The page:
I kept suspecting Microsoft's Ajax Timer Control which was helping to display a "Processing..." progress image to the user every 30 seconds. My ill-conceived rationale was that perhaps the code was using an old version of the Timer Control since the app was running on ASP.NET 2.0 and the code was originally written around the time when the ASP.NET AJAX framework was originally released.

Unfortunately, I temporarily fell under the spell of believing "Select is broken". This disillusion became painfully clear when I later confirmed that the specific Ajax framework was indeed the latest ASP.NET 3.5 web extensions for 2.0. Just to be sure, I created a standalone dummy web app with the same library that provides the Timer Control. Once again, as has been the pattern thus far: no memory leak.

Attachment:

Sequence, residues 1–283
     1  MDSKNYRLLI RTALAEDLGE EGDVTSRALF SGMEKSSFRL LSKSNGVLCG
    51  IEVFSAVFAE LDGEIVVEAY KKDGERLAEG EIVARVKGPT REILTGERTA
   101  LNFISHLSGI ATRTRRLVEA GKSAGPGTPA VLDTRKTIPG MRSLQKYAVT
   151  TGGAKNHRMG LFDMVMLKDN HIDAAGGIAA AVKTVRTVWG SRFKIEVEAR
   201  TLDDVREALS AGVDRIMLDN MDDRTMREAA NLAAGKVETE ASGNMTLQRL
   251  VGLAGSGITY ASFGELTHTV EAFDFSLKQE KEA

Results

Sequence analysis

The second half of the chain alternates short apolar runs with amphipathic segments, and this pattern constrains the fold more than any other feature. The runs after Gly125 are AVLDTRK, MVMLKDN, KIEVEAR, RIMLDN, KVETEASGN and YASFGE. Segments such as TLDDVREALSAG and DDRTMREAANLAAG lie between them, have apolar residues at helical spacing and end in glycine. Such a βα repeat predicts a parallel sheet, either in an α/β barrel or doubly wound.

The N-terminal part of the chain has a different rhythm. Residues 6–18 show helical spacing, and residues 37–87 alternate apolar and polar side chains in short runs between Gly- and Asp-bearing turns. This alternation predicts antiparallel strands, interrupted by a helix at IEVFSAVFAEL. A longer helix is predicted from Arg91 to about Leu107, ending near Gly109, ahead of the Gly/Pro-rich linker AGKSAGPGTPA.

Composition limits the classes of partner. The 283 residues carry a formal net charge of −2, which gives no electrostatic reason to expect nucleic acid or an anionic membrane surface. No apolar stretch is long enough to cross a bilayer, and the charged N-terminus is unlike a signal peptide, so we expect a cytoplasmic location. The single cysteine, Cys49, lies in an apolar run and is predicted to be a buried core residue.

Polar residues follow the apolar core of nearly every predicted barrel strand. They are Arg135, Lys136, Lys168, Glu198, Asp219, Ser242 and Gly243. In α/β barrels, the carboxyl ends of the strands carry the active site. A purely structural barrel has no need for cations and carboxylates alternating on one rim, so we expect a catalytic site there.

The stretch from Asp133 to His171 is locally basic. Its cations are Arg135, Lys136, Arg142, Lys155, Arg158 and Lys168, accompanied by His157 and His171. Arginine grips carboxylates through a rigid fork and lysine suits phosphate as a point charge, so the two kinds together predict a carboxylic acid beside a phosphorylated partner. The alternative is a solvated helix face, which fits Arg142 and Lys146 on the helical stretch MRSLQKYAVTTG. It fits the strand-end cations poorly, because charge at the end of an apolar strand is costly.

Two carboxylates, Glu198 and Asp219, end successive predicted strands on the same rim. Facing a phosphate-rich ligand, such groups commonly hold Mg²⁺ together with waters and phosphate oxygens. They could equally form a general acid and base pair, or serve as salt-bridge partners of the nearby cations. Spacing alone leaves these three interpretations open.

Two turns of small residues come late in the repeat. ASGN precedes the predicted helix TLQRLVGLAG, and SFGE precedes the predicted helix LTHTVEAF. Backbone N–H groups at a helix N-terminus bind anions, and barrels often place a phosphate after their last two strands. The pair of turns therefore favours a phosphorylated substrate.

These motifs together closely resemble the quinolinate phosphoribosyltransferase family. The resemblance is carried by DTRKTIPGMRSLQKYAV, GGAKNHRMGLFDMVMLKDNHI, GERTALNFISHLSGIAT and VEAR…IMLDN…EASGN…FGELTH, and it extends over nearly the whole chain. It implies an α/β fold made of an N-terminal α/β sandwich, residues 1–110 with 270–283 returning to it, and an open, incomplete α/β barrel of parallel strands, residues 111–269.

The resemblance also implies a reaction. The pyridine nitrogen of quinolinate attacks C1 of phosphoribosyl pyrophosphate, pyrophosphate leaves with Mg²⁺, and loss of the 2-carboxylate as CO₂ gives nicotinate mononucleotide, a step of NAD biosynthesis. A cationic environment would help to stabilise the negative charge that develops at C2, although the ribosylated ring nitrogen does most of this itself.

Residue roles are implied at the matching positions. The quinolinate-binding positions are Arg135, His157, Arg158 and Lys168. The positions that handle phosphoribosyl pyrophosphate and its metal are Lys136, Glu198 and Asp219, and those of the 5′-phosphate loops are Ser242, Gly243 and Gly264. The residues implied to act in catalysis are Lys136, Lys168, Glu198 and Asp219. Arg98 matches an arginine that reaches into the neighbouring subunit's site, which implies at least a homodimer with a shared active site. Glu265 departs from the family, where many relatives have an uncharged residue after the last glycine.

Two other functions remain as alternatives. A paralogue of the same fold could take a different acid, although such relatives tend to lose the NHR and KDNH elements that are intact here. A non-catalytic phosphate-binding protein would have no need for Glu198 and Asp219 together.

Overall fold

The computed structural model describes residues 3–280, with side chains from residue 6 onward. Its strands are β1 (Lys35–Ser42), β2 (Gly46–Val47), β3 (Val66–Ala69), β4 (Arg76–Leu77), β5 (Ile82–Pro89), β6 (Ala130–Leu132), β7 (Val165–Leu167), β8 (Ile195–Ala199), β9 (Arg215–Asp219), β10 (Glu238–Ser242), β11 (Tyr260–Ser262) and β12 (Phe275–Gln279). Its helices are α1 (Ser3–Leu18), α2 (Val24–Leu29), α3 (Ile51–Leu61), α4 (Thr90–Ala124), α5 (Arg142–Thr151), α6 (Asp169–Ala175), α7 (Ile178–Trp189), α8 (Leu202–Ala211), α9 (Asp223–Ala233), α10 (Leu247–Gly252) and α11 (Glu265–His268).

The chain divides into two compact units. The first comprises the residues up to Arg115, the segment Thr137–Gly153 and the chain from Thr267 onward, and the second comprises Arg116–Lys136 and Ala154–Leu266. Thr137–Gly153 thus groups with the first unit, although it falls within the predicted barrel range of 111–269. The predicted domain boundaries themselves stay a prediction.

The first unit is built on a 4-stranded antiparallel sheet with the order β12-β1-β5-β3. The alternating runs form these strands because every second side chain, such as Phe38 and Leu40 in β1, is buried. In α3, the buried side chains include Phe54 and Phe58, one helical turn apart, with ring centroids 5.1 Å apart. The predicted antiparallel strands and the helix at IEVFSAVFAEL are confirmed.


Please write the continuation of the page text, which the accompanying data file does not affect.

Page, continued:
More detailed information was needed. On the suggestion from another developer on the project, configured Task Manager with:
'Processes' tab -> 'View' -> 'Select Columns'
and added the following columns:
    'USER Objects'
    'GDI Objects'  
Again, closely monitoring any changes, I noted that the GDI objects counts were increasing by 7~8 units every 30 seconds meaning this leak must somehow be graphics display related. Perhaps some image (or images) was not being removed or repeatedly added on each Ajax server request? (Possibly the aforementioned progress image?)

To further investigate the GDI objects findings, I used a few tools. Neither GDIUsage nor GDIObj provided any useful metrics (It's possible I might not have fully understood how to best use these.) However, GDIView allowed me to do snapshots of the memory usages of the GDI objects.